Author:  Edgar Rice Burroughs
Series:  Barsoom 1
Original Book Publisher and Date:  A.C. McClurg, October 10, 1917
Still in Print: Yes
Current Formats: Print and eBook
Availability: Yes - used and new

Retro Reviews: A Princess of Mars by Edgar Rice Burroughs
Brief History

Edgar Rice Burroughs was born in Chicago, IL on September 1, 1875 and died in Encino, CA on March 19, 1950. His father was a civil war veteran. In 1911, Burroughs was working as a pencil-sharpener wholesaler when he began to write fiction. In 1912, Burroughs had his first story, Under the Moons of Mars, serialized in The All-Story magazine from February to July 1912. Tarzan is his most famous character with John Carter close behind. Burroughs has written over 80 books in many different genres, including Science Fiction, Adventure, Westerns, Romance and even Historical. Ray Bradbury said of Burroughs in The Paris Review Spring 2010 No. 192, “I love to say it because it upsets everyone terribly—Burroughs is probably the most influential writer in the entire history of the world. By giving romance and adventure to a whole generation of boys, Burroughs caused them to go out and decide to become special. That’s what we have to do for everyone, give the gift of life with our books.”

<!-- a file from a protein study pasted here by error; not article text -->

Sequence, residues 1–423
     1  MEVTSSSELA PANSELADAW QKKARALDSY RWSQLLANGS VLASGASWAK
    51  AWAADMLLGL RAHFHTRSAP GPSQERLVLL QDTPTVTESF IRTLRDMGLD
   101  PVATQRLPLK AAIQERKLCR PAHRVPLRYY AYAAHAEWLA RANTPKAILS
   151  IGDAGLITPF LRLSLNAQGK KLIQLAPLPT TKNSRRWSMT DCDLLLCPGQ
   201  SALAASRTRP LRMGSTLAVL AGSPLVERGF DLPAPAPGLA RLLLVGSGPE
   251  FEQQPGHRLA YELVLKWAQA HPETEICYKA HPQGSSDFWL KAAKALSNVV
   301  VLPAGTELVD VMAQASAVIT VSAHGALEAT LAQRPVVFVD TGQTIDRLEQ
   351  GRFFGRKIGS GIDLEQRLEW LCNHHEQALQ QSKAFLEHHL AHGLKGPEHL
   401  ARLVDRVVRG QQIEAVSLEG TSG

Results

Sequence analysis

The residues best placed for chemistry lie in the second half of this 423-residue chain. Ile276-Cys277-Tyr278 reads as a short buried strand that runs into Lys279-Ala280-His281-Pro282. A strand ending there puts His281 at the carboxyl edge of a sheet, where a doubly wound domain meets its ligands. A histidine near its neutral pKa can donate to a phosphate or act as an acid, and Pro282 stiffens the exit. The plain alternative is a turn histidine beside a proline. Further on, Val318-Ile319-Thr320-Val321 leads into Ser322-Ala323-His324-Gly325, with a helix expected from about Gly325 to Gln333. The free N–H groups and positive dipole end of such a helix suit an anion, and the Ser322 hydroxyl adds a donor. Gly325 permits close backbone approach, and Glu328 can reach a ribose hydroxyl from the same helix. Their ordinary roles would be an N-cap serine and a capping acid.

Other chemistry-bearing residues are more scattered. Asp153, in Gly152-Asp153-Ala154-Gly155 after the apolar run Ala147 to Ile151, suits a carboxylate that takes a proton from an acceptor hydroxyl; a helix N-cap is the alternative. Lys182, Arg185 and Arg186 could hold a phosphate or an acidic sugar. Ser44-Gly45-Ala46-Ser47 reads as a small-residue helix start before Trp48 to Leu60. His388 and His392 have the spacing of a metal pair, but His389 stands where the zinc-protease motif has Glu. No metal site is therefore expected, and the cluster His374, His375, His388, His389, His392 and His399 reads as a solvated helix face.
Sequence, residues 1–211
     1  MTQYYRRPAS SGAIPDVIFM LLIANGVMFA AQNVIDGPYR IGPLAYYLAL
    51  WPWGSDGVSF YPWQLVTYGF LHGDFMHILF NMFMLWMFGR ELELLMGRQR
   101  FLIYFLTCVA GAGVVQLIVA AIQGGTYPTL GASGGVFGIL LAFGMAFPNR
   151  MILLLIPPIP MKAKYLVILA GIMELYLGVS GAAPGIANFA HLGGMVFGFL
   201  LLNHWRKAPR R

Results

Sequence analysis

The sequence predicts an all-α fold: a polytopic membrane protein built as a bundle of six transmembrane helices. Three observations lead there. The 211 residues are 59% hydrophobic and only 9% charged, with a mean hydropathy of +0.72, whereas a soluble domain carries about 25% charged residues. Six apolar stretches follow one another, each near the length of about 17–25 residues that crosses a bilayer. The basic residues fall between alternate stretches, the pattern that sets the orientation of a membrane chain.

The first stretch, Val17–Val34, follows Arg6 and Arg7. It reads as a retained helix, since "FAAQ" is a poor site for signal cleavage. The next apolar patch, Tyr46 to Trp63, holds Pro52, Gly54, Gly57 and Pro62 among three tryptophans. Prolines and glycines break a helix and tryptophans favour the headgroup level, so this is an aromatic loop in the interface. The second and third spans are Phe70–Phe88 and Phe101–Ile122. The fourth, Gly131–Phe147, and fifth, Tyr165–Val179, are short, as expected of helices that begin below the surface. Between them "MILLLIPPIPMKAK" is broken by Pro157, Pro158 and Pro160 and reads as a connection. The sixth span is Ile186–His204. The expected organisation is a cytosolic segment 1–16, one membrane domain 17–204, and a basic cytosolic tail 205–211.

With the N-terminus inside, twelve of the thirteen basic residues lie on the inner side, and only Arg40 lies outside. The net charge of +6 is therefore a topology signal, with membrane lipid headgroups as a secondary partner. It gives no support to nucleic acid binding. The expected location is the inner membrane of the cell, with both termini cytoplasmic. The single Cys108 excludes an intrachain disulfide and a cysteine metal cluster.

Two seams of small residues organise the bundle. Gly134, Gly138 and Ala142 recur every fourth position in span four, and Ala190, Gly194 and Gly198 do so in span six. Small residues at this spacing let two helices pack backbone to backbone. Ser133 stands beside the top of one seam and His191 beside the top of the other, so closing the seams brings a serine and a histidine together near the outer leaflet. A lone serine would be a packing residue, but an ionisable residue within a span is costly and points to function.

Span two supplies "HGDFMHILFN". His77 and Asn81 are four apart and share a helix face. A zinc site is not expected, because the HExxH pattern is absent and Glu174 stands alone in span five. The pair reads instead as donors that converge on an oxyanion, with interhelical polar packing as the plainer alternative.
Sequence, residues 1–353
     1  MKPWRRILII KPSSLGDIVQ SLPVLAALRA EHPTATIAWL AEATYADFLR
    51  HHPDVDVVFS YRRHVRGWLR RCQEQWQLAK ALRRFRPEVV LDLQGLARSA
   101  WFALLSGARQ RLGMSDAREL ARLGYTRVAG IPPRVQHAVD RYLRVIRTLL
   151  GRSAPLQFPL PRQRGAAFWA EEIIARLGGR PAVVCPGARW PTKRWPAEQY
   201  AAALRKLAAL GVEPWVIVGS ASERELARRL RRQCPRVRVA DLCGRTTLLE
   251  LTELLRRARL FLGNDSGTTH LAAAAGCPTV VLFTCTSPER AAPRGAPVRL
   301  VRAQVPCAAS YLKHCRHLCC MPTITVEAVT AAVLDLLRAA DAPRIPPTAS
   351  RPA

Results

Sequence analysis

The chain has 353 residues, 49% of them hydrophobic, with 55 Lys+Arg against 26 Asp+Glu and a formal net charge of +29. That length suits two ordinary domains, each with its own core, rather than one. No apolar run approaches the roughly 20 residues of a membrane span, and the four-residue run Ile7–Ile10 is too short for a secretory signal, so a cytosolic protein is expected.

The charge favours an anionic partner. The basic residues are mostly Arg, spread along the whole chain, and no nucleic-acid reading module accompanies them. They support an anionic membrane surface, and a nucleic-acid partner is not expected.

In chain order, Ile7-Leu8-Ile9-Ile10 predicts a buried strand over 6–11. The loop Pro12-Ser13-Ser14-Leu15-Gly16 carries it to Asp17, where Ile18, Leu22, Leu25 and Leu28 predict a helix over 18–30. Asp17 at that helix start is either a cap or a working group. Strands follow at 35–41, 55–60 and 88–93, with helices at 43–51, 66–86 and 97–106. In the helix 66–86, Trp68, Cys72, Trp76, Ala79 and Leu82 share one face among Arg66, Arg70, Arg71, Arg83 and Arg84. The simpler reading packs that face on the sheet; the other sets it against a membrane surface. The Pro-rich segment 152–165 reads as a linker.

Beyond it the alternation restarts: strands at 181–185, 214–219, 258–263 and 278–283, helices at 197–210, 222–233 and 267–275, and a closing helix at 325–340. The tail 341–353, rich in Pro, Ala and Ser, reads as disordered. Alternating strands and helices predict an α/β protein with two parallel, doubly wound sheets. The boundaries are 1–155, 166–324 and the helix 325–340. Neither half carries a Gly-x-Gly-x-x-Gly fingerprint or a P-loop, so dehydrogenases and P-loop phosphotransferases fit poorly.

A Princess of Mars was originally published as a serial in the February-July 1912 issues of All-Story Magazine under the title of Under the Moons of Mars. Burroughs was influenced in his portrayal of Mars by the astronomer Percival Lowell. On October 10, 1917, the first book edition was printed by A.C. McClurg. The book is now in public domain in the United States.


A World to Conquer.

Suddenly projected to Mars, John Carter found himself captive of the savage green men of Thark. With him was Dejah Thoris, lovely Princess of Helium. And between them and rescue lay a thousand miles of deadly enemies and unknown dangers.